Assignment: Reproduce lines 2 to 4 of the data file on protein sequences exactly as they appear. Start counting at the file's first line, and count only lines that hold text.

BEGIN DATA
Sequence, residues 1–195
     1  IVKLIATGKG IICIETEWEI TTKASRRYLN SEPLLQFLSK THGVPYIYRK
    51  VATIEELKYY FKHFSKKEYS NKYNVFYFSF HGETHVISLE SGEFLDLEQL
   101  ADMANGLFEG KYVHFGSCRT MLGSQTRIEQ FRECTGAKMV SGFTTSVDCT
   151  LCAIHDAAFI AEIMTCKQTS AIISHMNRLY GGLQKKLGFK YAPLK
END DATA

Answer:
     1  IVKLIATGKG IICIETEWEI TTKASRRYLN SEPLLQFLSK THGVPYIYRK
    51  VATIEELKYY FKHFSKKEYS NKYNVFYFSF HGETHVISLE SGEFLDLEQL
   101  ADMANGLFEG KYVHFGSCRT MLGSQTRIEQ FRECTGAKMV SGFTTSVDCT